Preparing Boys for Life

Journalist and author Mark Bowden presents 20th annual Edward R. Hallowell Literary Lecture

Journalist and author Mark Bowden discussed the state of American journalism for the 20th annual Edward R. Hallowell Literary Lecture on April 24. He also visited English and journalism students and spoke at an Upper School assembly.

Bowden has spent more than 40 years reporting, including for The Philadelphia Inquirer, The Atlantic, and Vanity Fair. He has also written 13 nonfiction books. During the lecture, he spoke about the power of journalism, discussed the current mass media culture, and shared his advice on how to be an informed citizen.

“One of the things I’ve always loved about journalism is that it throws me into completely different worlds and situations, constantly,” he said. “The job of reporting is to find out what you don’t know.”

Bowden is best known for his book, Black Hawk Down, which later became a movie. But the story, which began as a series of articles in The Philadelphia Inquirer, has humble beginnings.

“I’m just a guy who works in an office in my basement, and I decided that I wanted to write a story about the Battle of Mogadishu,” he said. “That battle, which is universally referred to as the Black Hawk Down episode … would now be on any list of the most significant American military engagements in the past 20 years.”

“This is not because of me, but because of the tremendous power that writers and journalists have to focus attention on specific things that otherwise might be overlooked,” Bowden said. “This is the great advantage of having a multiplicity of platforms, lots of newspapers and magazines and networks, because ideally you’re getting a lot of creative, intelligent journalists who are deciding what’s important, what’s interesting, and what we need to know as a society.”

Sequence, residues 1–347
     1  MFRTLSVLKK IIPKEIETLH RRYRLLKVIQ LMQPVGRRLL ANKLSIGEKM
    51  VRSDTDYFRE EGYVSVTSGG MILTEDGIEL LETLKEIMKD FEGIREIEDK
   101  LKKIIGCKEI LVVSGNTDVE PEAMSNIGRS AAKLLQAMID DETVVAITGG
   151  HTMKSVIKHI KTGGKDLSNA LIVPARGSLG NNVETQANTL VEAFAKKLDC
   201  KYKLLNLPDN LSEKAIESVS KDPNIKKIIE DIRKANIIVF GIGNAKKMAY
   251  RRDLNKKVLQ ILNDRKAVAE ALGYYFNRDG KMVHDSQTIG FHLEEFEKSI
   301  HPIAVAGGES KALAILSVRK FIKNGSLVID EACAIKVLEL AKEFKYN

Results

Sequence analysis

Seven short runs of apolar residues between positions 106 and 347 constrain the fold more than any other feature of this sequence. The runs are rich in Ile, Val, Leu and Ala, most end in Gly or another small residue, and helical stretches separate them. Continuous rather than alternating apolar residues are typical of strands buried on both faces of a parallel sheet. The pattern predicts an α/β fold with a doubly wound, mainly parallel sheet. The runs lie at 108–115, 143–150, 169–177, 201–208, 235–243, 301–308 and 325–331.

Unfortunately, Bowden said, the technology of delivering news has run ahead of the profession of reporting, “which has had some very alarming and damaging consequences.”

“None of what is out there on the Internet or on social media – or very little of it – is regulated or edited for fairness or accuracy,” he said. Bowden gave audience members advice to navigate in this world of mass media.

“When you read a story, and I emphasize the word read, pay attention to where it came from. Ask yourself: Is there actual reporting that went on in this story? Did somebody get up from behind their desk? I think to be a good citizen today, you have to do something more than read headlines on your cell phone or believe what floats up on your Facebook feed, or the headlines that you hear on TV and radio. You have to invest a little bit of yourself in order to be adequately informed, and you have to do so with a critical eye.

“Don’t pretend to know more than you do. Assume, instead, that you know too little. In my experience, it’s rare that finding out something new doesn’t change your whole understanding about what happened.”  

Photo credit: John Olson